Independent TD for Galway East, Sean Canney, has called for government backing for the campaign by TICK TALK IRELAND to create awareness and accurate information about the prevention, diagnosis, and treatment of Lyme disease based on international best practices.
Lyme Disease is a bacterial infection transmitted to humans by the bite of a hard-bodied tick.
In Europe, it is also known as the ‘castor bean tick’ or ‘sheep tick’, and in Ireland, it is also referred to as a ‘sceartàin’.
In a statement to https://www.thatsfarming.com/, Canney outlined:
“Lyme Disease is currently the fastest-growing vector-borne disease in the world.”
“Not all ticks are infected; however, people need to be vigilant where ticks are present to reduce the risk of transmission to humans and pets.”
“I welcome the decision by Galway, Laois, and Kilkenny County Councils to pass motions to erect signage at all public parks.”
“I am requesting the National Parks and Wildlife Service and the Office of Public Works to do the same thing,” the TD added.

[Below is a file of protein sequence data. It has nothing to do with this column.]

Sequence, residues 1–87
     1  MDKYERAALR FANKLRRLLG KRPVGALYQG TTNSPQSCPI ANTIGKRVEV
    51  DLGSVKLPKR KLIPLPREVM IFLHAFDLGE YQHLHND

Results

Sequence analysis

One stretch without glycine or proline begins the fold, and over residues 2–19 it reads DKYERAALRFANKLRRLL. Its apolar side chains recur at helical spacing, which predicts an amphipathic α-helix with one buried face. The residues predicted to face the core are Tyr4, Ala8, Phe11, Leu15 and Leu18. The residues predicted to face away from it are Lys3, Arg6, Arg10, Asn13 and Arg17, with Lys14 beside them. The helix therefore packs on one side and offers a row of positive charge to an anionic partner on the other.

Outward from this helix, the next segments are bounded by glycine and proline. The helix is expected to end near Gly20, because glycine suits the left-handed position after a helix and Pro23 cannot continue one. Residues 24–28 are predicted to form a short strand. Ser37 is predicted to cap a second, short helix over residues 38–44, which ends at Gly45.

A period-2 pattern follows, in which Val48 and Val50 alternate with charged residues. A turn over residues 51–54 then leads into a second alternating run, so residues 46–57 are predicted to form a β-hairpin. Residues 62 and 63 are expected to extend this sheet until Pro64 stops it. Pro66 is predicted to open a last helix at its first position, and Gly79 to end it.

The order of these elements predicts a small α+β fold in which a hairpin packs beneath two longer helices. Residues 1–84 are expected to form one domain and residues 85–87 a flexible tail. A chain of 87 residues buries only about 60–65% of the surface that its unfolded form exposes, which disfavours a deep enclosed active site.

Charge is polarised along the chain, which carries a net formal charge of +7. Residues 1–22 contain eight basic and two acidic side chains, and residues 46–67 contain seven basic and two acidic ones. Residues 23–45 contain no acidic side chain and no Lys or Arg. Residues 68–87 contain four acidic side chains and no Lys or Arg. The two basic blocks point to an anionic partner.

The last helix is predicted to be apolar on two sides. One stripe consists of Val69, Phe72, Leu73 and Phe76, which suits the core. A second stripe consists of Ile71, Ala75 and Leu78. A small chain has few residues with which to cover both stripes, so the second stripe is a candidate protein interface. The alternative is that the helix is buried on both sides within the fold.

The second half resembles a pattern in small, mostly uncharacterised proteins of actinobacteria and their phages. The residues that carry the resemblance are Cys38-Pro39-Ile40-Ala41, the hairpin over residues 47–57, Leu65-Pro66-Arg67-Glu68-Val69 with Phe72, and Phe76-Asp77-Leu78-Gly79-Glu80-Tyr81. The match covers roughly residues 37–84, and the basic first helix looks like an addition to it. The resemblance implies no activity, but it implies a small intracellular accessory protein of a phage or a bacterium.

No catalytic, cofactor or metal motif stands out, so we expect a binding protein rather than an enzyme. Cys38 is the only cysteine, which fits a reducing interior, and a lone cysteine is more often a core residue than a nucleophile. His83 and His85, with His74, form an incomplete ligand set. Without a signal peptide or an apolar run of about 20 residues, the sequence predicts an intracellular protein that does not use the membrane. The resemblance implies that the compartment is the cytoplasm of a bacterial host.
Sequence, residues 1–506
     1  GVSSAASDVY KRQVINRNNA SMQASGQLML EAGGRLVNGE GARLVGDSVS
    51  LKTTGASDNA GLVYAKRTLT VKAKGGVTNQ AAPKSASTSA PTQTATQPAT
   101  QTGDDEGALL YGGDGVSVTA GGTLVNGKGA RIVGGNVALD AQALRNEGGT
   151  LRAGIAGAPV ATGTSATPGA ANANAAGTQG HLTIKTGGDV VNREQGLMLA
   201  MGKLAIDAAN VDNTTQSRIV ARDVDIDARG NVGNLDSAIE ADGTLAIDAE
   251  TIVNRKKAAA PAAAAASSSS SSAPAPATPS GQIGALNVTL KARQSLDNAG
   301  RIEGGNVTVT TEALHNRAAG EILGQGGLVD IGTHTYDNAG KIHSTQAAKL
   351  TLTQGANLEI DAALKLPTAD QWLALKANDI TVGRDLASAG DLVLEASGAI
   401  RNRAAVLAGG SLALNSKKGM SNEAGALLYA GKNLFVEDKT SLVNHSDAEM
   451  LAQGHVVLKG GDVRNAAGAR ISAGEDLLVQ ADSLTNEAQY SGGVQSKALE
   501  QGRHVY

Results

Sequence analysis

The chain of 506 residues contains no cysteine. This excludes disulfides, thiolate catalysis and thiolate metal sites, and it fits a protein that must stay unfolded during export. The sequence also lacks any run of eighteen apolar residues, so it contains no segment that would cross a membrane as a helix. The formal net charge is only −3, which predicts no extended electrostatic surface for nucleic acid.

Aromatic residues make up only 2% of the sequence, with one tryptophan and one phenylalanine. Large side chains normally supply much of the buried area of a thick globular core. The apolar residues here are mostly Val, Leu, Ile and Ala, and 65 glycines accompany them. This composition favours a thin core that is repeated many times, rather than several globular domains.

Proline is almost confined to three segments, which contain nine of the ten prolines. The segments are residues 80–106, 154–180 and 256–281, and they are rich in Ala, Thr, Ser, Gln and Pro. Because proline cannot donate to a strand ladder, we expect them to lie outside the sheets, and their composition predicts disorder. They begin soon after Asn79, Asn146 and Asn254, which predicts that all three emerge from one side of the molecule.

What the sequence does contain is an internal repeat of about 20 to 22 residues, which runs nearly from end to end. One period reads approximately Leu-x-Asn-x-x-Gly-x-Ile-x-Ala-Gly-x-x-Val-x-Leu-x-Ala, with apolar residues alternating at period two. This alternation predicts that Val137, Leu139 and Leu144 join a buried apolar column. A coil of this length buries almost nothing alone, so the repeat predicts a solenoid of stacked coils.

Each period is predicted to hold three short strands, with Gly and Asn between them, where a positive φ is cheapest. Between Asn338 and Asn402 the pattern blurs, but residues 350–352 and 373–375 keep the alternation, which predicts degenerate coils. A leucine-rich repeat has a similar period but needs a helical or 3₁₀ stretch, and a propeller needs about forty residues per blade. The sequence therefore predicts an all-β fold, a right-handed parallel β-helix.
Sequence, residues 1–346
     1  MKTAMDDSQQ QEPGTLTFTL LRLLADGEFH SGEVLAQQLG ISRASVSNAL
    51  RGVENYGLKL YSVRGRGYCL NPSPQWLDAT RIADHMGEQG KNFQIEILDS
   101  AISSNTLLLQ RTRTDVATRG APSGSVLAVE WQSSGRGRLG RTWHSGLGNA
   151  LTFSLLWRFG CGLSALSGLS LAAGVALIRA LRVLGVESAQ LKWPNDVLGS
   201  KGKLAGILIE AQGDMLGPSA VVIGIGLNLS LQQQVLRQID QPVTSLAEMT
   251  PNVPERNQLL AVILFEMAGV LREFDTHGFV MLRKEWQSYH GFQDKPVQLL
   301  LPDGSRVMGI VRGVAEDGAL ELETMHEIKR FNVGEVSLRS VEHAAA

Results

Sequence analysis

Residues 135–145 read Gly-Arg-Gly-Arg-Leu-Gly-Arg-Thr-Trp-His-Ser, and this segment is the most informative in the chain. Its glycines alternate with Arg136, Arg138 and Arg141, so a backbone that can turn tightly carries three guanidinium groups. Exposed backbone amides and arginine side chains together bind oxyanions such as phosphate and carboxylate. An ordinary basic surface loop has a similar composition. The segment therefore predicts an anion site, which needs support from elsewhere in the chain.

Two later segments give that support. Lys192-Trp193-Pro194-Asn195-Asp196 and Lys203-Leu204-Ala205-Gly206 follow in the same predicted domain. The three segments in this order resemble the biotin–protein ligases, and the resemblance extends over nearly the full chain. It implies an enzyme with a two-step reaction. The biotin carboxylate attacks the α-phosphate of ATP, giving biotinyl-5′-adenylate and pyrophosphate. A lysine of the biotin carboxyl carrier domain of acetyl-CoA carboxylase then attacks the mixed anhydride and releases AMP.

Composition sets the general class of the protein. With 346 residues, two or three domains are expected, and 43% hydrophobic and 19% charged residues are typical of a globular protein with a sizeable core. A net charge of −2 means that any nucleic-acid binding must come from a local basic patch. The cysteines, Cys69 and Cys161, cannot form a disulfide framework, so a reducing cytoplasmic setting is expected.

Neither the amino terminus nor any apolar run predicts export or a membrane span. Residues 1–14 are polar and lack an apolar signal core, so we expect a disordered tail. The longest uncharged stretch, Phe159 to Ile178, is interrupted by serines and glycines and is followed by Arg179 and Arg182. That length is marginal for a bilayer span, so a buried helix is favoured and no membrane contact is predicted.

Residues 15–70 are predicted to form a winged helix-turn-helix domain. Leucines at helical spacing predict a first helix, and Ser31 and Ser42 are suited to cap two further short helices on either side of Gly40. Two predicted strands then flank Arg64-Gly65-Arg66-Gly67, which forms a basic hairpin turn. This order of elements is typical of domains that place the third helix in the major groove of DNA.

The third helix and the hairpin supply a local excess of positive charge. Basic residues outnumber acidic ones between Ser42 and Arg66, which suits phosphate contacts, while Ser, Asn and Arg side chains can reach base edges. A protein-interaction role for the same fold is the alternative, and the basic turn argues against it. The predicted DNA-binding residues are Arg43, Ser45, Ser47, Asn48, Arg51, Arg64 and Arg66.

He is also requesting that the Irish Medical Organisation makes information available in every doctor’s surgery and waiting room so that the public is “fully aware” of the implications of Lyme Disease and how to avoid it.
A national conference on Lyme Disease will take place next Saturday at the Midlands Hotel Portlaoise, with infectious disease experts presenting from Europe and the USA. Dr, Jack Lambart from the infectious disease department in the Mater Hospital will also make a presentation.
Last year, Majella Thornton, told That’s Farming editor, Catherina Cunnane, about her husband’s battle with Lyme disease.
“Eddie Thornton, Knockmore, Ballina, Co Mayo was always a very busy, hard-working man. We have a joke we were guaranteed to have dinner together on Christmas Day.”
“It started when Eddie was on sub-hire to an Irish contractor in Scotland, building bridges and roads in the Highlands.”
“It was a wooded area, and he was, therefore, made aware of the dangers of Lyme disease and to watch out for ticks.”
“He always kept a close eye out, and one night while showering, he saw a tick in his right arm, so he removed it carefully.”
“No typical associated symptoms such as a bullseye rash or flu-like symptoms presented themselves.”
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